To celebrate the 64th anniversary of King George’s birthday, an appropriate flag-raising ceremony was held in the school playgrounds on Friday, June 3rd by the school children. 

When the children had been lined up near the flagstaff, Mr. J. Andison then performed the hoisting ceremony, the pupils simultaneously coming to the salute, and with eyes raised to their country’s emblem they recited a few appropriate words vowing allegiance to their King and Country. 

Mr. Andison then gave them a short address on what the flag stood for, pointing out why they should always respect and defend it because it represented their King, their Country, and all that was dear to them, and that no country ever achieved anything worthwhile if this patriotic feeling and close allegiance to the flag was not prevalent. 

He went on to tell them that it was just this strong patriotism that brought about Confederation in 1867 four years after the birth of our present King George. Confederation, he told them, was really the foundation of Canada, as we know it today, was built. 

After Mr. Andison’s address the first verse of “O Canada” was sung followed by “God Save the King”. 

Cochrane Parade 1927
Cochrane Parade 1927

June 23, 1927 

The Diamond Jubilee of Confederation celebrations will really commence on Thursday, June 30th, when the children will put on a programme at the school, commencing at 2:30 p.m., which will include a pageant, relative to Confederation and the growth of Canada, and recitations etc. Everyone is welcome. 

June 23, 1927 

Diamond Jubilee of Confederation FUNDS 

Cochrane going over the top for the Jubilee Celebration! 

The Finance Committee this week are happy. 

The citizens of Cochrane and district are to be congratulated upon the handsome response to the appeal for funds 

It is now certain the Objectives will be passed and we can feel that our people do appreciate Canada, and what Canada has done for us. Now for a fine day on the 1st of July, and a real good time for everybody.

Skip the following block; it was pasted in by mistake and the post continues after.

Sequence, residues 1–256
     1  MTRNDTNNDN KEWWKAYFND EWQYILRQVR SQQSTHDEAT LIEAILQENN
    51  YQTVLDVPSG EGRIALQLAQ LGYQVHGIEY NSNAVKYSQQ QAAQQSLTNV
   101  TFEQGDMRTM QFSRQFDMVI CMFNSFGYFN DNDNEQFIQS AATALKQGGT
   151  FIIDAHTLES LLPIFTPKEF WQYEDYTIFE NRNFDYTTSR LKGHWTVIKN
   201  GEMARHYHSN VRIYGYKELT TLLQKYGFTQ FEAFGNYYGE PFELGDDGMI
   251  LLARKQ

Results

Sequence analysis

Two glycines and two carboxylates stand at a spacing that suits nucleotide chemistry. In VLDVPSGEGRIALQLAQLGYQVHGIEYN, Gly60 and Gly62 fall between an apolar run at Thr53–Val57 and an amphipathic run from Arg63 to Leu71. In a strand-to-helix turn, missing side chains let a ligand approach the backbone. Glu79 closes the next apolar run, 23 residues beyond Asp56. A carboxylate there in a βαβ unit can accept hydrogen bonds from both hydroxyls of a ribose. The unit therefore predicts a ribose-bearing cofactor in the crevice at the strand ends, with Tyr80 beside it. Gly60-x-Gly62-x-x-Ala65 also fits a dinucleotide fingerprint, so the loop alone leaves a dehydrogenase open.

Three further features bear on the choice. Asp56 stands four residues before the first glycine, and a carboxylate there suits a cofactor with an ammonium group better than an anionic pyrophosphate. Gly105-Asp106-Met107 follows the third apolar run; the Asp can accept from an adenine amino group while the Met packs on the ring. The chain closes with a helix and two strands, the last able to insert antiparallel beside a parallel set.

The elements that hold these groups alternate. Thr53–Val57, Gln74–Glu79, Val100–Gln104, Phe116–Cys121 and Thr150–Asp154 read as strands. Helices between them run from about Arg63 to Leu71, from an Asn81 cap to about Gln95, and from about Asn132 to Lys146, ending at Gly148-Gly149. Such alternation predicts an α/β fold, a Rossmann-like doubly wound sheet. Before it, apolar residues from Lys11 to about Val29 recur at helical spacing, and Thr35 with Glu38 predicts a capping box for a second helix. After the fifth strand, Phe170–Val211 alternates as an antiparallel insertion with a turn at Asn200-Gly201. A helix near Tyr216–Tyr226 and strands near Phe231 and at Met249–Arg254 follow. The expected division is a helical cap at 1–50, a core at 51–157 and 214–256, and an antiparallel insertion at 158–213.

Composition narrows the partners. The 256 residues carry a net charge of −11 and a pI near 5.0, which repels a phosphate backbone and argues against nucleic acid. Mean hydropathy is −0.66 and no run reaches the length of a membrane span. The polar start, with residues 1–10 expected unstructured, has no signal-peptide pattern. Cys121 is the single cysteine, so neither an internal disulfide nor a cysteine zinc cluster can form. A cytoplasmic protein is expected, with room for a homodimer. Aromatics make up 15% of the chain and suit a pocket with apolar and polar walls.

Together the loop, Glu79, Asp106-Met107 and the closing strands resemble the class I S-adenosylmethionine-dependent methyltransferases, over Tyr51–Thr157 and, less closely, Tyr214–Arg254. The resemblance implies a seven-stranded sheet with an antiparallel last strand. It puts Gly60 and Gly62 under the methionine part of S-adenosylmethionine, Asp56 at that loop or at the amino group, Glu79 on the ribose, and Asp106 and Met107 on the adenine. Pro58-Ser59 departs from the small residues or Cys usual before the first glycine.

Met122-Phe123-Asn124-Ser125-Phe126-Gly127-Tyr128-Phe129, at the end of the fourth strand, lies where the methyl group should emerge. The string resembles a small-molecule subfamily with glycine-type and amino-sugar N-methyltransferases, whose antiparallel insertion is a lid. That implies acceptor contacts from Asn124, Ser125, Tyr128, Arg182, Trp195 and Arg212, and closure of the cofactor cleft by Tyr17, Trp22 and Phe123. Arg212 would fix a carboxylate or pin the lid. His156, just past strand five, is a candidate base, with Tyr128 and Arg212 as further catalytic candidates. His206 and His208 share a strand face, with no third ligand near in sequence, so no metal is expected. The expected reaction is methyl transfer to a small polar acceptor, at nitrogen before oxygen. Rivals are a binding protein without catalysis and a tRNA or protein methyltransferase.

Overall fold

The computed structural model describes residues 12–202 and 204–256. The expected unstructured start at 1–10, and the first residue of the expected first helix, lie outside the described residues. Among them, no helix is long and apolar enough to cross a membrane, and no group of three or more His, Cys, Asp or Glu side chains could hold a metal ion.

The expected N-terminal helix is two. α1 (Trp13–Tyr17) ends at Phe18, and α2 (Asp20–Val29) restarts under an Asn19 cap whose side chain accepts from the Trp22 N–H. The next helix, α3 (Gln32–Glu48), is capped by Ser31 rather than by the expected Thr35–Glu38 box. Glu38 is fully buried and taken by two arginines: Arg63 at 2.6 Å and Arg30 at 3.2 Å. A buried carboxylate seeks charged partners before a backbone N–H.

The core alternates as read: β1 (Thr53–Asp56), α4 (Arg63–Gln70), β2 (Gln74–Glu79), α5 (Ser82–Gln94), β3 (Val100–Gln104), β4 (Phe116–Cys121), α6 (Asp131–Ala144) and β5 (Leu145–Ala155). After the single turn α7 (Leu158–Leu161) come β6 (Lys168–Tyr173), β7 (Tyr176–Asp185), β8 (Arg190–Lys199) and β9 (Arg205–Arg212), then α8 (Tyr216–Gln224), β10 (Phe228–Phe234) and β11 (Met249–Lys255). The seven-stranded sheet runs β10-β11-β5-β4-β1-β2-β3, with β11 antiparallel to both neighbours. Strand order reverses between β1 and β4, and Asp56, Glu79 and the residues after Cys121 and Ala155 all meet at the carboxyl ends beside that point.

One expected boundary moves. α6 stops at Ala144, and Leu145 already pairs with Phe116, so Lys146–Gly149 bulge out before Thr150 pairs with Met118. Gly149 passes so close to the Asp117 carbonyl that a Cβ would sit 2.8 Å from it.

If you have not already subscribed don’t wait to be asked – send it in. No matter what the amount of your subscription it will thankfully received by the Secretary, W. R. Daws, or A. Chapman, Treas. 

(NOTE; a list of subscribers followed showing the amount donated and the total funds to date were $625.51) 

June 30, 1927 

The Eau Claire Lumber Co’s log drive from their lumber camp on the north fork of the Ghost River, is making rapid progress this year, the logging crews reaching the Bow River at the beginning of the week.

June 30, 1927 


The Indians first hear sounds of the eager white man’s feet. 

And quickly passed the peace pipe and shared their land and meat. 

Then the white men took their land, and built their cities fair, 

And plowed, harrowed, and tilled the ground, with all their utmost care. 

May the Indians enjoy the advantage of the day; 

We should pour upon them blessings for their land we took away. 

‘Tis the Diamond Jubilee with people far and near celebrating the birthday of our land so young and fair. 

The Diamond Jubilee with folks on every hand drinking the toast to Canada throughout the whole young land. 

Leah Braucht 

(Leah Braucht, of Cochrane, who is only ten years old, shows unique talent for verse that should be encouraged. We hope to hear further from her. Editor)

Frank and Annie White

by Dorothy M. Edge pg 149 Big Hill Country 1977

Frank White, a cultured Englishman, was born in Birmingham, England, in 1844, one of thirteen children. He immigrated to Canada in 1860, with his mother and father, Sir William White, and all of his brothers and sisters, with the exception of the two eldest brothers, who by that time were grown up and established in business. They came by sailing ship and it took over three months to cross the Atlantic Ocean from Liverpool to Montreal. For several years Frank worked for the Grand Truck Railroad at different places in Quebec. He married Christina Ross from Cornwall, Ontario, and they had two sons, Frank and William, and one daughter, Jessie. Christina passed away when the children were very young and they were brought up by their aunt, Miss Marion Ross, at Cornwall. Frank Jr. became a renowned organist. He lived in New Rochelle, New York. William worked for Canadian Cottons Ltd. in the Maritimes. Jessie married William Munro and they farmed at Martintown, Ontario.